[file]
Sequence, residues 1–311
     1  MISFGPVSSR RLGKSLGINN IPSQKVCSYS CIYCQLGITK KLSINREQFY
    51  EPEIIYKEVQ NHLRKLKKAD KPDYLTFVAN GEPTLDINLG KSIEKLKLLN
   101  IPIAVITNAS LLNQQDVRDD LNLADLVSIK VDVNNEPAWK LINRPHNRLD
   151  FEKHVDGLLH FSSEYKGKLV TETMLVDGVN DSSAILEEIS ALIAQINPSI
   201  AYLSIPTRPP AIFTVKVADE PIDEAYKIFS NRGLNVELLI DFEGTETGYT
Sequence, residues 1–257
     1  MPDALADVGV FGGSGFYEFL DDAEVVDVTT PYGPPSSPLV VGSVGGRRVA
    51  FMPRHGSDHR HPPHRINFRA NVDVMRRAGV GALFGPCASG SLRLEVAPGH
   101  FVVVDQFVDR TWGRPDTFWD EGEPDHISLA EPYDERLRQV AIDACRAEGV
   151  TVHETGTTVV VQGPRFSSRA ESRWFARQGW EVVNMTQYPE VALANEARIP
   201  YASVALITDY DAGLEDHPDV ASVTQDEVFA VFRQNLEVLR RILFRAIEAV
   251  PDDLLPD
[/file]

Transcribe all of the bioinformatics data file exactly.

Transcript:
Sequence, residues 1–311
     1  MISFGPVSSR RLGKSLGINN IPSQKVCSYS CIYCQLGITK KLSINREQFY
    51  EPEIIYKEVQ NHLRKLKKAD KPDYLTFVAN GEPTLDINLG KSIEKLKLLN
   101  IPIAVITNAS LLNQQDVRDD LNLADLVSIK VDVNNEPAWK LINRPHNRLD
   151  FEKHVDGLLH FSSEYKGKLV TETMLVDGVN DSSAILEEIS ALIAQINPSI
   201  AYLSIPTRPP AIFTVKVADE PIDEAYKIFS NRGLNVELLI DFEGTETGYT
Sequence, residues 1–257
     1  MPDALADVGV FGGSGFYEFL DDAEVVDVTT PYGPPSSPLV VGSVGGRRVA
    51  FMPRHGSDHR HPPHRINFRA NVDVMRRAGV GALFGPCASG SLRLEVAPGH
   101  FVVVDQFVDR TWGRPDTFWD EGEPDHISLA EPYDERLRQV AIDACRAEGV
   151  TVHETGTTVV VQGPRFSSRA ESRWFARQGW EVVNMTQYPE VALANEARIP
   201  YASVALITDY DAGLEDHPDV ASVTQDEVFA VFRQNLEVLR RILFRAIEAV
   251  PDDLLPD